SUBSEA TECHNOLOGY Diverless pipe repair system set for deepwater trials off Italy

DSRS spool with X-LOC floating ball end connector. As deepwater pipeline activity has increased, the need for a reliable, diverless pipe repair system has become paramount. Recognizing this, Sonsub, in conjunction with Saipem, has spent the past two years developing and testing a new Diverless Sealine Repair System (DSRS), which is to be tested this summer in 600 meters water depth in Italy's Gulf of Taranto. The new system incorporates the tooling aspects of the Sonsub remote pipeline

As deepwater pipeline activity has increased, the need for a reliable, diverless pipe repair system has become paramount. Recognizing this, Sonsub, in conjunction with Saipem, has spent the past two years developing and testing a new Diverless Sealine Repair System (DSRS), which is to be tested this summer in 600 meters water depth in Italy's Gulf of Taranto.

The new system incorporates the tooling aspects of the Sonsub remote pipeline repair system with a specialized sealing system appropriate for remote diverless subsea pipeline connections.

Since the DSRS is intended primarily for deepwater installations, a number of design criteria were established. These included a minimum dependence on surface intervention; greater dependence on ROVs and tooling which can be operated by the ROV without the need for repeated trips back to the surface; an effective and reliable connection system which can also be operated by an ROV; and rapid deployment ability, thus minimizing costly production downtime.

System outline

The repair system is based on two Advanced Remotely Operated Work Systems (AROWS - Triton or MRV) with an optional eyeball type observation vehicle. On each of the AROWS an isolated hydraulic power unit (IHPU) is fitted to accommodate a dedicated hydraulic system supporting all subsea tooling.

Frictionless hot stabs are used to convey hydraulic power and controls to the specially designed tools, which include:

  1. Two handling frames that can lift the pipe or move it sideways. These are operated by the AROWS independently of the crane vessel used to install them. Following lifting of the pipe from the seabed, and cutting of the damaged section, the pipe ends are then aligned by the frames' lateral and vertical movements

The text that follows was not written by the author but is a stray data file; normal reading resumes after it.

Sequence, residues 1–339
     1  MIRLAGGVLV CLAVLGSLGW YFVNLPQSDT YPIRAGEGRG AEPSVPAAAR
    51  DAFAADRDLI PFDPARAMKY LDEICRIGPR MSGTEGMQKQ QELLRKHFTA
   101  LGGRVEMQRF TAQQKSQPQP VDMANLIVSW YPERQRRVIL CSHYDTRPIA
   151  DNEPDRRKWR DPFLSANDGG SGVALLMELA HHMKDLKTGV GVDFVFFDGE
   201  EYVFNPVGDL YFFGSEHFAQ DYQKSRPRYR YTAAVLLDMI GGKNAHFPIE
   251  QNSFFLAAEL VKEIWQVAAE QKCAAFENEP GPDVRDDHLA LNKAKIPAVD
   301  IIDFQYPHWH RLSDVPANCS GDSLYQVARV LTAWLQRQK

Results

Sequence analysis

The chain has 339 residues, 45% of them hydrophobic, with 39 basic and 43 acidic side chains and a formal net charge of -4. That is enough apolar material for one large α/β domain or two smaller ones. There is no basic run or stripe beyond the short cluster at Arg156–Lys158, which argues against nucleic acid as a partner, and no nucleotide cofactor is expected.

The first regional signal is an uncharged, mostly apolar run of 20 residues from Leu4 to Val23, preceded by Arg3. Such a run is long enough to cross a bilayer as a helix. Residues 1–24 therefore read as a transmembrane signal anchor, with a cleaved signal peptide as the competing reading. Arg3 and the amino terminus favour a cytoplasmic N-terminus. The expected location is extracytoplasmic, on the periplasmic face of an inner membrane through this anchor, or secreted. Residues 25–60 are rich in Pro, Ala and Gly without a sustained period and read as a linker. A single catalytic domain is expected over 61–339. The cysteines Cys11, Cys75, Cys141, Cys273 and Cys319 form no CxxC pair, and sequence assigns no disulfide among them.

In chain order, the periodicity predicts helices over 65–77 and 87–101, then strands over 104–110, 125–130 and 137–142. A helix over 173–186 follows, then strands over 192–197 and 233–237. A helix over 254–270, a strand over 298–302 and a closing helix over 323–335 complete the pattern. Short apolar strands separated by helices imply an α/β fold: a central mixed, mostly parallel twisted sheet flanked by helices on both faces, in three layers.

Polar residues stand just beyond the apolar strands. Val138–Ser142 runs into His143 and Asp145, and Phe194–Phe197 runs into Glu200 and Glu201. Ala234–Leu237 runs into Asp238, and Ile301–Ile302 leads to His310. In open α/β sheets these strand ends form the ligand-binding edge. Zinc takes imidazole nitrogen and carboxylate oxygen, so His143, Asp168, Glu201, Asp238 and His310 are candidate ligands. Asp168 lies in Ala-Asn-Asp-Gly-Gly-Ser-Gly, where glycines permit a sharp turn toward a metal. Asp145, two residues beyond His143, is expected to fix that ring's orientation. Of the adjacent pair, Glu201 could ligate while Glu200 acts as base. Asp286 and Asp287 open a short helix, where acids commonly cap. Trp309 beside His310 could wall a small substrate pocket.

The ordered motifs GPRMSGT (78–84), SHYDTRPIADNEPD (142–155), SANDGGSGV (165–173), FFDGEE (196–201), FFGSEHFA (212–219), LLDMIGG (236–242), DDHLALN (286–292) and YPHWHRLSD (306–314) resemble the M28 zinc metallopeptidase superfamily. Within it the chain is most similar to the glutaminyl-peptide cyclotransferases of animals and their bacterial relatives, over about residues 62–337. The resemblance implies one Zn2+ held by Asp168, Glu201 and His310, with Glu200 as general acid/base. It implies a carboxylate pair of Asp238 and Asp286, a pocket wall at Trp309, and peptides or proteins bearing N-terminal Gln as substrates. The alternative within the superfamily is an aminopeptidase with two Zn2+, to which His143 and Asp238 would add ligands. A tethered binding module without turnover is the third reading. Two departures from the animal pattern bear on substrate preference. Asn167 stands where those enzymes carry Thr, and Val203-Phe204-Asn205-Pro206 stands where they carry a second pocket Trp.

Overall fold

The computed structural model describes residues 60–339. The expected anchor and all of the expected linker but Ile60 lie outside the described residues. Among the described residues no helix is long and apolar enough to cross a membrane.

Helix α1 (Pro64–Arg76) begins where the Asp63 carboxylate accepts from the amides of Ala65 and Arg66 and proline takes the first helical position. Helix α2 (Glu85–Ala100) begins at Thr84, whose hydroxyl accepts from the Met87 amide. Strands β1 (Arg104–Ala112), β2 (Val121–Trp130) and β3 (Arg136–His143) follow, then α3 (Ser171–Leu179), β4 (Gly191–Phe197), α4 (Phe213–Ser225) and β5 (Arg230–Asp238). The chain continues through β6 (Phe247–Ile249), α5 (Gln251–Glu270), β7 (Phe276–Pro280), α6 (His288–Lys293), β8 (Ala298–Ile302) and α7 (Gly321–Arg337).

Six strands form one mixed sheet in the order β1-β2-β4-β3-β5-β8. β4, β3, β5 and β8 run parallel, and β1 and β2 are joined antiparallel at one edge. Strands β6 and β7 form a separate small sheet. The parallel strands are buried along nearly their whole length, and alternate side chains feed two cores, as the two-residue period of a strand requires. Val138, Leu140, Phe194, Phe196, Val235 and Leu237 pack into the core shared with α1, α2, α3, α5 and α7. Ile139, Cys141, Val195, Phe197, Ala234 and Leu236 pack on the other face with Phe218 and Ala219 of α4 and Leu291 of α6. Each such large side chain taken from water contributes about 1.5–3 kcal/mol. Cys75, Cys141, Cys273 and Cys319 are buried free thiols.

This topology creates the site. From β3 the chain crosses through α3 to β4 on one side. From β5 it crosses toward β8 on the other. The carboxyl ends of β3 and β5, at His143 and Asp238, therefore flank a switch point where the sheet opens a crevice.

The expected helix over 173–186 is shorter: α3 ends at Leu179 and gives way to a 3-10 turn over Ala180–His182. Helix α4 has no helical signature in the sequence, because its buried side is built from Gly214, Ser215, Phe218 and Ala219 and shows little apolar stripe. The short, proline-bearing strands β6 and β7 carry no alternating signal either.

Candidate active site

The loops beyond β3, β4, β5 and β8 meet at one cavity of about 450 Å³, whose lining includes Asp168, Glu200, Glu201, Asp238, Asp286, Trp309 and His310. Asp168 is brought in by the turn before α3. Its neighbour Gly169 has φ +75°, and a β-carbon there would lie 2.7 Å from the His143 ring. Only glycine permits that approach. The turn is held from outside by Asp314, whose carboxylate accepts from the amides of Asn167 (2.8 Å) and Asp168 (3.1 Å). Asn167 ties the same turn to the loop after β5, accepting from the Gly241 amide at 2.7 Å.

2. Two water-inflatable pipeline support trestles improve this alignment capability. These are moved around the seabed using ROV-operated winches. Bollard clump weights are employed to re-route the winch wires in order to adjust the pipeline's position and, if necessary, remove the severed section of damaged pipeline
  3. A diamond wire cutting module, capable of cutting 26-in. OD, 25.4mm pipe, is powered by the ROV's IHPU. A taut wire system, also operated by the ROV, provides precise measurement of alignment of the pipe ends
  4. Two Pipemate general purpose universal pipeline tools which can be interfaced to, and allow precise axial positioning of, both the tool rotation module and the spool docking module. The tool rotation module is used primarily for precise circumferential rate feed control and to carry the grit entrained cutting system
  5. The pipeline replacement spool is equipped with a subsea buoyancy system, to allow easy maneuvering of the spool by the ROV without dependence on surface lift
  6. A Pipe-end Preparation Tool (PPT) is used to square the pipeline end for the spool connection, with a pipeline scissor clamp for removing the damaged section from the site
  7. An ROV-mounted dredging system and water cutting system is supplied by specialist contractors.

X-Loc connector

One of the most critical elements of the DSRS is the connector system used to provide the requisite connection and to seal the repair spool to the pipeline. Sonsub required a compact, relatively lightweight connector that would provide a true metal-to-metal seal/connector capability and could be easily operated and activated by an ROV. As a suitable connector was not available, Sonsub developed the X-Loc connector.

This system is being adapted under different projects for pipe diameter from 6in. to 36in. The connector is unaffected by water depth and can be manufactured to suit any class of pipe, including specialized pipelines used for transporting highly corrosive product. It is available in various configurations, which in the case of the DRSR project comprises a floating ball end (misalignment) connector with a telescopic joint for extension capability.

As the X-LOC seal rings are inflated, weakened sides of the X-LOC expand out, forcing the inner circumference against the pipe's outer surface. The resultant high force ensures, by means of suitable `lips', the necessary sealing and grip. Inflation pressure is provided through hot stab by the ROV-mounted IHPU intensifier.

Following initial trials in a protected shallow water site this spring, final deep water trials are expected to be held shortly in the Gulf of Taranto offshore Capo Trionto. The full-scale repair scenario should employ a 200 meter long, 26in. OD pipe string laid on the seabed. Then repair of a pipe section should be performed using a Saipem support vessel, two AROWS systems and the full DSRS spread and crew.

Assuming trials are successful, Sonsub's next step is to market the DSRS as a total pipeline repair system available to the offshore industry as an `off the shelf' service. Another target is adaptation of the system to handle ultra-deep waters over 3,500 meters down, as would be the case with the Oman-India project.

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